Obviously candidates and their parties seek to present the party duo as having all these virtues, and obviously you want to discount the hype. You can tell something about them by thinking about the history of the person. Has he demonstrated these virtues in the past? We are also pretty good at sizing up people from the subtle hints in their comportment, and the way they are treated by those who know them well.

Skills, Abilities and Team

We know Barack Obama's team, or at least we can assume that most of the members of the team in the current administration will stay on in some role in the next. I would suggest that many of these people were also in the Clinton administration, and some in even earlier Democratic administrations. The team that Obama has formed and reformed suggests his ability (and that of his key advisers) to create a team.

Romney's team for his campaign draws on that of the Bush administrations and even of the Reagan administration. He would have to expand that team greatly to administer the executive branch of government, but those around him now give an indication of the kind of people who would be added.  One can also look at his team building abilities in the past, far smaller and less demanding roles in Bain Capital, the Olympics and Massachusetts State House.

The ability of the candidate to work with a legislature is also critical. In this respect, neither candidate seems a clear winner, although there is a clear difference between the Vice Presidential candidates. The Obama administration had significant accomplishments in its first two years working with a Democratic Congress, but there was almost complete legislative deadlock in the second two years with a Republican House. Romney issued 800 vetoes in four years as governor of Massachusetts.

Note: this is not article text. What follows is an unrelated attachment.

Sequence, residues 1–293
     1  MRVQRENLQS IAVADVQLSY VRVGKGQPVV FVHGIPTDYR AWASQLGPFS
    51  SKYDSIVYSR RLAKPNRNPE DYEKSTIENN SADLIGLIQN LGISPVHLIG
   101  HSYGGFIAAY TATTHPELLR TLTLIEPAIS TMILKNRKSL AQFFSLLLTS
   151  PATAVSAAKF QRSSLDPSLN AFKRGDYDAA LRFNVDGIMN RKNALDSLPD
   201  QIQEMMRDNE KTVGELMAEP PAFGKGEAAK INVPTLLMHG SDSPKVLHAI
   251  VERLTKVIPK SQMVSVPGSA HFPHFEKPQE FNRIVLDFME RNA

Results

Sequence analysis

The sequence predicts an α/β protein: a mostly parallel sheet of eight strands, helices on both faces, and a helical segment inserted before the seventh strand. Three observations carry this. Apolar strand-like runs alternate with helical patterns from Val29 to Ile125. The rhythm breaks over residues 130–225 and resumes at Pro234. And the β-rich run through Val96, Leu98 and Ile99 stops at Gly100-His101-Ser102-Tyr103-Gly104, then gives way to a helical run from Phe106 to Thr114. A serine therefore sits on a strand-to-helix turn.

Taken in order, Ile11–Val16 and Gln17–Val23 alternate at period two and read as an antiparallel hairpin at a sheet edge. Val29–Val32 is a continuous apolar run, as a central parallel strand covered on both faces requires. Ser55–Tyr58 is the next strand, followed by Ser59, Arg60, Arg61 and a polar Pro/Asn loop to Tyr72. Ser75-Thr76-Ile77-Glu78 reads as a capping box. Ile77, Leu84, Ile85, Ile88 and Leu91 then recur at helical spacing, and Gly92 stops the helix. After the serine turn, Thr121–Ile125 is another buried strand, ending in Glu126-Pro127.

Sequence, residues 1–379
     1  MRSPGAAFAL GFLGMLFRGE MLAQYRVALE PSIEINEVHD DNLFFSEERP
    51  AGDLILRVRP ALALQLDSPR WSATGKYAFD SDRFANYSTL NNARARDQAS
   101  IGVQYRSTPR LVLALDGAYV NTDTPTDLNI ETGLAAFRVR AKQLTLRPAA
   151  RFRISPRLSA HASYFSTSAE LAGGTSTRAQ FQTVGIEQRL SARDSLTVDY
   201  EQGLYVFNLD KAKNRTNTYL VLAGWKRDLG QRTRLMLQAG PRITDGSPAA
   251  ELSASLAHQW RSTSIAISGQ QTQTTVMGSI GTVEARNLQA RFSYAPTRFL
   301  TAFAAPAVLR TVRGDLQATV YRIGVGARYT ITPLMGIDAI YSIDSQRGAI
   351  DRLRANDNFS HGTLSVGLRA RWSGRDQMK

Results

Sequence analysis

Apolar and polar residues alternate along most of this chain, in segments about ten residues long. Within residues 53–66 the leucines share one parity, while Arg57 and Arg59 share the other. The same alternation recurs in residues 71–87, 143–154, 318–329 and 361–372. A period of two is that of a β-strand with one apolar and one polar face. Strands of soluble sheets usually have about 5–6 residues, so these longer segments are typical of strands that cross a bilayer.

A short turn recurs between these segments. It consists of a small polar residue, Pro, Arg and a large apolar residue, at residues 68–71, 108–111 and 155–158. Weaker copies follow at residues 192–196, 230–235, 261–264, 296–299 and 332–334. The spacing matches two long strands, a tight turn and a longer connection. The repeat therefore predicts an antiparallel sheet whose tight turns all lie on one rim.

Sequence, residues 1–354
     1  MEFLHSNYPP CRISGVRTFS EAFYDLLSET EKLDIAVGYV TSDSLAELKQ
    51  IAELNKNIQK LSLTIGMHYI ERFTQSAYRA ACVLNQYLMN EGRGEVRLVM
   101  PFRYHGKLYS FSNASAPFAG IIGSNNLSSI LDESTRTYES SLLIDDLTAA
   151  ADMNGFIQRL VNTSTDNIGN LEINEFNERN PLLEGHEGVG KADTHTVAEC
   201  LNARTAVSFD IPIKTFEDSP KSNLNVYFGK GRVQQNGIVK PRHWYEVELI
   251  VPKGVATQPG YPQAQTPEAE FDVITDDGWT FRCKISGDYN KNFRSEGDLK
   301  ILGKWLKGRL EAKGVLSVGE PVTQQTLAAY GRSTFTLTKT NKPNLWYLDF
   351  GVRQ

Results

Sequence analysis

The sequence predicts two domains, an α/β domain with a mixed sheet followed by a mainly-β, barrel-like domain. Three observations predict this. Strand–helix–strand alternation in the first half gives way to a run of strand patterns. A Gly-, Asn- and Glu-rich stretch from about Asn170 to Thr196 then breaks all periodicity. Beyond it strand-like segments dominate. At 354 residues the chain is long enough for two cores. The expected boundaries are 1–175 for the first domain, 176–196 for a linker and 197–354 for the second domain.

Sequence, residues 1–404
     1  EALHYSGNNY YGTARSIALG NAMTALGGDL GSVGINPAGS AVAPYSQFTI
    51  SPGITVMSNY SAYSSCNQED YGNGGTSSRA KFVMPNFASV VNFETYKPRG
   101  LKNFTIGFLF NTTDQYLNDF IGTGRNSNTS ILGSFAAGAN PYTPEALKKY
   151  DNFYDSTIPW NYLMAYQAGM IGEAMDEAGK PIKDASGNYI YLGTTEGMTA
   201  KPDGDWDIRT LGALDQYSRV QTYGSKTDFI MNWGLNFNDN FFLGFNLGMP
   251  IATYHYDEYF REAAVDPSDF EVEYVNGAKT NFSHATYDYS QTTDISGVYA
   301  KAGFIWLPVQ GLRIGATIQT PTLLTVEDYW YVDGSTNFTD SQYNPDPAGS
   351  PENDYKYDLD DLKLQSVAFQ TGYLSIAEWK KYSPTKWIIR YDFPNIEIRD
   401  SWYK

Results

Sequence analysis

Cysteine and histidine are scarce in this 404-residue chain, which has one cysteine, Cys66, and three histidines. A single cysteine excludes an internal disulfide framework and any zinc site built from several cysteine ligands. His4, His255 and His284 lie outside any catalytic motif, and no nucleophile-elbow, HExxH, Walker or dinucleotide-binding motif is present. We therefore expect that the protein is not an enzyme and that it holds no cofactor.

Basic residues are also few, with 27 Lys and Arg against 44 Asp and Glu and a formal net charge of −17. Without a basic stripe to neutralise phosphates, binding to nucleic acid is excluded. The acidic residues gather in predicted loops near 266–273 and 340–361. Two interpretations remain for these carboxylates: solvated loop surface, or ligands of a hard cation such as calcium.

The ability of the party's duo to communicate with the public is also important. The "bully pulpit" is one of the most important powers of the presidency. Obama won office as an unusually gifted communicator, but has been challenged as less effective while in office. Romney has been seen by many as challenged in this respect. On the other hand, it seems that this is a skill the observer can judge for himself/herself.

Concluding Remarks

I admit that this posting was written in large part as an aid to thinking through the decision criteria for myself. It is however in keeping with the theme of this blog -- knowledge for development. What information should you seek and what should you de-emphasize in analysis of which candidates would do the best job in leading the nation.

The party affiliation would seem to be the most important single indicator. It is an indicator of the political philosophy that the candidate has chosen to affiliate with, and of those who endorsed his candidacy. It is also the common ground for the team he would build to manage the bureaucracy , the people he would depend upon to pass the legislation he seeks, and the judges he would appoint.

Obviously candidates don't combine all of the virtues and skills that are desirable in equal measure. The voter will have to weight their relative importance for him/herself and decide which profile best fits the needs of the office.

Still, I suggest that it is better to de-emphasize what the candidates say and how they are publicized in favor of evaluation of what they have done and how they are seen by those who work with them in public office.

As Niels Bohr has said, "prediction is very hard, especially about the future". Candidates should not be believed when they predict what they will accomplish if elected. They don't know, as centuries of experience has amply demonstrated. But we can judge what they have already accomplished.

Those who know a candidate well and have seen first hand his performance in roles like that of the presidency can judge whether his character and virtues are appropriate to the job. The balance of supporters and opponents will tell us something. So too will the team the candidate depends upon during the campaign. Turn off the sound on your television, and watch the candidates -- which do you trust from the body language and facial expressions?